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There is a deficiency of the thews and sin- The appearance of the Miltonic feeling in ews. There is nothing war-like in Hyperion; “ Hyperion” has been alluded to by some his hands are pressed together in contempla- critics as a fault. But is not the earliest evitive silence; and such hands, on such an dence of artistic ability in imitation? Great occasion, pressed together, would not have artists have indeed distinguished themselves grasped the sword of empire. How ener- | by an original nature of their own, but have getic, on the other hand, and impregned they not equally proved their merits by the with restless vigor, is the first appearance of skill and taste with which they have reprothe fallen Archangel in the poem of Mil- duced the originality of others ? Unaided ton:

by the faculty of imitation, and even of ap

propriation, originality decliness into lame“ He with his horrid crew

ness and obscurity. We know that the eduLay vanquished, rolling in the fiery gulph, Confounded though immortal.

cation of a great artist is begun by a close

acquaintance with the works of his predecesRound he throws his baleful eyes,

sors, as well as of Nature. The most intiThat witnessed huge affliction and dismay, mate friendship with Nature avails nothing Mixed with obdurate pride and steadfast hate. without the power of imitation, and though At once, as far as angel's ken, he views

this representative faculty be given to the The dismal situation waste and wild.

artist in never so great perfection, yet, as it

is of all the most artificial, and the most inThus Satan, talking to his nearest mate,

telligent in its mode of action, so it requires With head uplift above the wave, and eyes That sparkling blazed; his other parts besides, the greatest accumulation, and experience, Prone on the flood extended long and large, and aids to shorten and improve its proLay floating many a rood.”

The advancement, that is to say, the digMilton is easier to read than Keats. The nity of a school of artists appears chiefly in description is rapid and concise. There is their choice of subjects ; for we know that no description without motion ; a quality nature is not all representable, but only cernecessary to the epic, since by dwelling too tain scenes, times, phases : phases of beauty, long upon a part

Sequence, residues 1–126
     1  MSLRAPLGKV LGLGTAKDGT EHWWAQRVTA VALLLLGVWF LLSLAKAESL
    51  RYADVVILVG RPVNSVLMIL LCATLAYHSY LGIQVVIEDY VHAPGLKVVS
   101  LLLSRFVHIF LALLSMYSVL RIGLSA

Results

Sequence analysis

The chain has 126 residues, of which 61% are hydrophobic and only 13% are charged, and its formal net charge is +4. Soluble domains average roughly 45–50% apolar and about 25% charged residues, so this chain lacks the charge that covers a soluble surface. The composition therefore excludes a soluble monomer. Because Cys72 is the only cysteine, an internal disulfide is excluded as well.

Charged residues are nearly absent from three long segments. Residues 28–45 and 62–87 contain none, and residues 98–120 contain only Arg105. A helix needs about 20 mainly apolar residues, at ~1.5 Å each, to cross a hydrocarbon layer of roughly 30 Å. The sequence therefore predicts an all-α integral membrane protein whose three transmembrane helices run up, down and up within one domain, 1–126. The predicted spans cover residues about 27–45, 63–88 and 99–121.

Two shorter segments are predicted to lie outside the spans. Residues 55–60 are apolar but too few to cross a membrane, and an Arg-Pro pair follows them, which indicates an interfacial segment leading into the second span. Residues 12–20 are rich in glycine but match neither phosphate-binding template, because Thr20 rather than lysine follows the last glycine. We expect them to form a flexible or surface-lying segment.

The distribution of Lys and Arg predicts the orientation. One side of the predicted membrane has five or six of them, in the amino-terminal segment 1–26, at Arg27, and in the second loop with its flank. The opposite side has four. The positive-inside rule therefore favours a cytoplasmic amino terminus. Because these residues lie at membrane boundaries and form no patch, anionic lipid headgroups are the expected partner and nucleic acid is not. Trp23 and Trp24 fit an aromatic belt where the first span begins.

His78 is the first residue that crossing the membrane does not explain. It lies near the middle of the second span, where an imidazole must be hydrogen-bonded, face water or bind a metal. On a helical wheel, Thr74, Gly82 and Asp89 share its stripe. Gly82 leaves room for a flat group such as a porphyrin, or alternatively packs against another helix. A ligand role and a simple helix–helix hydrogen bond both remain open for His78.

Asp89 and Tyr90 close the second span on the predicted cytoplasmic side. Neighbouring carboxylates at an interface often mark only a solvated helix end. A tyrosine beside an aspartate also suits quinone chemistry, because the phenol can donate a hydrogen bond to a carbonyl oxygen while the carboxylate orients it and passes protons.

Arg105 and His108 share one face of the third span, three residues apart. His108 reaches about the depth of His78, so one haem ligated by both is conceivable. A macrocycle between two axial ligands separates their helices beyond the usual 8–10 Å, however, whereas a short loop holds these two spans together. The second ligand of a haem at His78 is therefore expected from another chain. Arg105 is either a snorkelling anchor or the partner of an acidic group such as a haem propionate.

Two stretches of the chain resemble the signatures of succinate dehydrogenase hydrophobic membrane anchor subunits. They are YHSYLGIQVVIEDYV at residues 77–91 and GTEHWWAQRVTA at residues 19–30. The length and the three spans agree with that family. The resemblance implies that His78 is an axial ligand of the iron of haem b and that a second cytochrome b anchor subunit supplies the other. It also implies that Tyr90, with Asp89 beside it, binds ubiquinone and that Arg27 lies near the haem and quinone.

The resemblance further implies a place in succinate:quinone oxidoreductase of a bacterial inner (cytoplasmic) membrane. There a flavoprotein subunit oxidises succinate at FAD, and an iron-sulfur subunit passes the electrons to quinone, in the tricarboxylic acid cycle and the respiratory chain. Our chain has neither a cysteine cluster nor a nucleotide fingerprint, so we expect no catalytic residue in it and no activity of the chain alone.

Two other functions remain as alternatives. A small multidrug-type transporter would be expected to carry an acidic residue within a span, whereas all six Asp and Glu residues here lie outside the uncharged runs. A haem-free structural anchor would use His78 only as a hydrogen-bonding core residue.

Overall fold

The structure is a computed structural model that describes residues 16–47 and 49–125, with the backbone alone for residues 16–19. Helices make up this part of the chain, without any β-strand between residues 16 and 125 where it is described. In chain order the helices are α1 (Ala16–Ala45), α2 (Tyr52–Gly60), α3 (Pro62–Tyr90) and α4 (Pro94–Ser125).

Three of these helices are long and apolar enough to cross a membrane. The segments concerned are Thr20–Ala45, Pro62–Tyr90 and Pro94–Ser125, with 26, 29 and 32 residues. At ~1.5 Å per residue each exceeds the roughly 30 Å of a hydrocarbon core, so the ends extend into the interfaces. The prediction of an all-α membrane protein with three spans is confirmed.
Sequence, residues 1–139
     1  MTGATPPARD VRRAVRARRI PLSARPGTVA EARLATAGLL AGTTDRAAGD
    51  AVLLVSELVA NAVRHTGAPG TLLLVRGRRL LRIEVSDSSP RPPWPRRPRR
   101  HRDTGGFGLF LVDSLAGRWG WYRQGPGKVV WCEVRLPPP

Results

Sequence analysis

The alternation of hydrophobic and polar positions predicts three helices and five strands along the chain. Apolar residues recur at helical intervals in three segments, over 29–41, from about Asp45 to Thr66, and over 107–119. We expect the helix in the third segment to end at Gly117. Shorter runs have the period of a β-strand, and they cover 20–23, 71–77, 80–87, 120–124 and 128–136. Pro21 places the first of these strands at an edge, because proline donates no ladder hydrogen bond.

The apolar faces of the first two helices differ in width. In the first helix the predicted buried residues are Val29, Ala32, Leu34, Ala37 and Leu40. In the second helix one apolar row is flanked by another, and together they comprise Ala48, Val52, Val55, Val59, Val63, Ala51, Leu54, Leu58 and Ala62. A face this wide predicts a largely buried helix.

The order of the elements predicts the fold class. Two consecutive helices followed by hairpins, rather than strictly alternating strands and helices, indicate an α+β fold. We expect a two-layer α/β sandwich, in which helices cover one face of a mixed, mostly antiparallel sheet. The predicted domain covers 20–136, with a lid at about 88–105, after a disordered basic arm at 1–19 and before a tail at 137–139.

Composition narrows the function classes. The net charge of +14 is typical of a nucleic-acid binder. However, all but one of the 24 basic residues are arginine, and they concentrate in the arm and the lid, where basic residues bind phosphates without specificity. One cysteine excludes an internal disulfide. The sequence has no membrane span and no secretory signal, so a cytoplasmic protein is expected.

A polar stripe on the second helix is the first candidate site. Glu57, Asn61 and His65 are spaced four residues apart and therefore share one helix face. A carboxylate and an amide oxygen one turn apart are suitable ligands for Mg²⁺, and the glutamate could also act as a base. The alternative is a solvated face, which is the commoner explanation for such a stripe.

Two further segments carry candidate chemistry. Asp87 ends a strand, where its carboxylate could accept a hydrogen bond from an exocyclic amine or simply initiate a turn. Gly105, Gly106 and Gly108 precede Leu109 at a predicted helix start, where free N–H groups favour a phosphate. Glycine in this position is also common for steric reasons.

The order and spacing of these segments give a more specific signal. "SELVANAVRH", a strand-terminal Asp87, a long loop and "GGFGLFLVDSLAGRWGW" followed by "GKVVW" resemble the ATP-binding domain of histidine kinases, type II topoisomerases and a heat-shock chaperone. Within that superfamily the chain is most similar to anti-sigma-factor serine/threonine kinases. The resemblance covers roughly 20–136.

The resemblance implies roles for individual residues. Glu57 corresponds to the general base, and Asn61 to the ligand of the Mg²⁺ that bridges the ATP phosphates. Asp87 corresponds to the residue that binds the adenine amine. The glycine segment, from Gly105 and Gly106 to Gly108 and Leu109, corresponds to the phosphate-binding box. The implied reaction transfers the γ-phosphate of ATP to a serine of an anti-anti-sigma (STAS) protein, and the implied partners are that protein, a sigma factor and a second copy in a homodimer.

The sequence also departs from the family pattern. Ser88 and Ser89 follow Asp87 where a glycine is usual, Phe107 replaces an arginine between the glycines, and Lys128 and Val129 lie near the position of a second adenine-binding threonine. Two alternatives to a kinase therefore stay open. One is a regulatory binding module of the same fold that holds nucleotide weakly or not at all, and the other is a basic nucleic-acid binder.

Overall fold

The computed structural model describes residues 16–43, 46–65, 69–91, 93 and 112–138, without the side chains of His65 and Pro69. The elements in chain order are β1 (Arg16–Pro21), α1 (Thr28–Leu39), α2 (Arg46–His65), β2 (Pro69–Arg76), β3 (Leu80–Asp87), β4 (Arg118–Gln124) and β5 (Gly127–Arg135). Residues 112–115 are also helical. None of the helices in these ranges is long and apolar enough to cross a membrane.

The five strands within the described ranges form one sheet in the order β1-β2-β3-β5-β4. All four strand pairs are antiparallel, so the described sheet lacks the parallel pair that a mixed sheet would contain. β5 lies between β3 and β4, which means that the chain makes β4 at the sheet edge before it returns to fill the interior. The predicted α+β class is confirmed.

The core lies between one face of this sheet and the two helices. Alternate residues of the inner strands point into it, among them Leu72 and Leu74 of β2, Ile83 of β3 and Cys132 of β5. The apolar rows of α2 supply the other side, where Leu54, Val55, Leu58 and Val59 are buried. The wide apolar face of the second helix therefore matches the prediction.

, the interest is lost, and sublimity; times or seasons of richest develimagination flags. The description must opment; scenes illustrating what is moral move forward, or it falls ; it must soar and

or immortal in humanity. Representative soar, and continually soar, passing mountains art will not allow its powers to be wasted and rivers at a wave of its mighty wings with impunity upon the tame, the sensual, Indeed, it may be ventured, that Keats or the vulgar of common life. The selectiori would have failed in the Hyperion for want of its subjects is therefore a moral occupation, of action. His figures are contemplative. and of a high order, suitable to the leisure The Muse pauses, as she creates them, and of cultivated and heroic ages, and unsuitable, steps backward to meditate their fair pro- because of baseness and incapacity, to those portions. The poems of Milton, on the con- that are barbarous and mechanical. The trary, even his earliest, have a vivacity, a lessons of the artist, in overcoming his greatlively spring and movement, which give est difficulty, the choice of subject, come to promise of the epic.

him at first through his predecessors. He Come, but keep thy wonted state

imitates nature, it is true, but he looks at With even step, and musing gait.” nature through the eyes of those who have

preceded and aroused him. Every artistic He will not suffer even Melancholy herself age refines upon former ages, holding to a to sit contemplative; she must pace forward. certain taste, and improving the “ school." Hardly a line is deficient in the activity The degeneracy of art appears in a mean or either of thought or of motion; the mark novel choice of subject; in eccentricity of of a genius essentially and powerfully epical. manner; in a close and studied imitation of In Keats, on the other hand, there is every insignificances. The two-fold imitation of where flaccidity and weakness ; his heat is previous art and of nature goes on ripening not the heat of motion but of emotion; he to a certain point, the height or perfection of has the melancholy of Hamlet, dreaming of the school; and then follows a gradual dea purpose, but never moving toward it. cline, when imitation predominates over